At the heart of your aerobic engine are the Mitochondria which are found in your muscle cells.

Mitochrondria are critical as this is where ATP-Adenosine Tri Phosphate is created in the presence of oxygen. ATP simply put, is the energy which drives the contraction of muscles and enables you to move. It makes sense then that the more Mitochrondria you have, the better your ability to efficiently handle aerobic activities, ie marathoning. And what is the prime driver in increasing Mitochrondria? Long, slow, aerobic running. Take a look at this photo showing the before and after endurance aerobic training taken from a study by Dr. Dave Costill. All those red circles indicate mitochrondria, and as you can see there are many many more after slow aerobic running over time. The more you have, the more you can efficiently deliver oxygen to your Mitochondria and make ATP. Additional benefits of Aerobic Base Building are the recovery benefits it provides from your harder workouts where muscle cells are damaged and strengthening of your muscular-skeletal systems.

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Lydiard believed that you have to learn how to run slow, before you can run fast. At the heart of this concept is Aerobic Base Building where you create the platform necessary for endurance running and preparing you for the subsequent phases of the Lydiard Training Method.

Please stop in the store to learn more about the Lydiard Method. We are trained Lydiard coaches and can help you sign up. While your personalized plan costs $100, and goes to a non-profit, we provide the day to day coaching at no additional charge.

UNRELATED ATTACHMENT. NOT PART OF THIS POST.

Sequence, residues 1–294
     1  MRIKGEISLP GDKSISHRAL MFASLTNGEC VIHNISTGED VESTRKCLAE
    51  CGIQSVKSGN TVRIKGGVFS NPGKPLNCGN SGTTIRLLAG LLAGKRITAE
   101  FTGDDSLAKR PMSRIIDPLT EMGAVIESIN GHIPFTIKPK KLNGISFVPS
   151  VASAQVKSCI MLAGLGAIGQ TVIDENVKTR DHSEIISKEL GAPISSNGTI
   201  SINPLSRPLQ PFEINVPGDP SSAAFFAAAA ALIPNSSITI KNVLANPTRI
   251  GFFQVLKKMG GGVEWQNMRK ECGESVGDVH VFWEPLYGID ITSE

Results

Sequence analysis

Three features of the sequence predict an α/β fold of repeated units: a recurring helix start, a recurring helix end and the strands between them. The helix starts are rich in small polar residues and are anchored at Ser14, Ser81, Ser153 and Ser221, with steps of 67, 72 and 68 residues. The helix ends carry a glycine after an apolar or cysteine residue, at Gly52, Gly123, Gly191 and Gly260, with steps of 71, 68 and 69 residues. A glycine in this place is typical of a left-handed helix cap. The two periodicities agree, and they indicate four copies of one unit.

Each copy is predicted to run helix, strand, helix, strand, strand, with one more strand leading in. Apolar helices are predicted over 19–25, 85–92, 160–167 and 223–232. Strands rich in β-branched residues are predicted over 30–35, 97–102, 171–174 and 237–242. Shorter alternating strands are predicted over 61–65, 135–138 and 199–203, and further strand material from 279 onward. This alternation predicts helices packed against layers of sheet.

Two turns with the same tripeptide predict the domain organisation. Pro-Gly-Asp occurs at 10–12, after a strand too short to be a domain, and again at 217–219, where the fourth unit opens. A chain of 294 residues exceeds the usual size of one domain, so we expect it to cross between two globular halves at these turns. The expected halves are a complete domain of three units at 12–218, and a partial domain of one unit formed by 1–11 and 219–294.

Bob Dyer (Co-owner, Running Niche)
LinkedIn | Facebook | Instagram

When is the Right Time to Use Gels as Fuel?

The body uses two sources for energy: carbohydrates and fats. While ingesting “gels” packed with carbs during aerobic training runs is popular, physiologically it doesn’t train your body to efficiently use its fat storage as the main energy source. Long distance running is aerobically based and aerobic exercise works best by utilizing the body’s fat reserves.

As you can see by slide number one, Fat is very effective as the core fuel for aerobic exercise. Keep in mind the half and full marathons are 98% aerobic.

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The second slide shows how as one runs longer, the utilization of fat as the fuel becomes more and more important. The longer you go the more important fat utilization becomes as burning carbs is just a short-term energy pop.

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So, the question becomes what is the best way to train your body to maximize utilization of its fat storage during long aerobic runs? Its simple; don’t use gels or other form of carbs during your long training runs. If your body is burning these quick hit replacement carbs you are not training your body to efficiently metabolize your own fat storage.

The final slide shows the glycogen levels in muscles while using and not using replacement drinks. When not used during aerobic training runs the glycogen levels at the cellular level are actually much higher than when replacements are used during training. You are training your body to become very efficient at burning fat as fuel for long aerobic runs. This is a science fact folks. If you are burning carbs you aren’t burning fat, its as simple as that. And fat is your primary fuel for the half and full marathon distances.

Which brings me to the question of when should you fuel? With the GO! St. Louis races only 5 weeks away, and many Lydiard Method runners moving into Phase 4; Integration, now is the time to experiment with carb gels. If you have trained properly all your long aerobic runs up to now would have been accomplished without these replacements and you have built a well-oiled fat burning machine. As you jump into a couple of races leading up to GO! try several different kinds of gels to find the one that works best for you in terms of absorption and which does not upset your stomach. Given the quick acting nature of carbs, you will feel a “boost” which will come in quite handy particularly in the last 8 miles of a full marathon. In this way you are racing on a fat burning engine you have trained well over these past few months then primed at the right times later in the race with carb packed gels.

Bob Dyer (Co-owner, Running Niche)
LinkedIn | Facebook | Instagram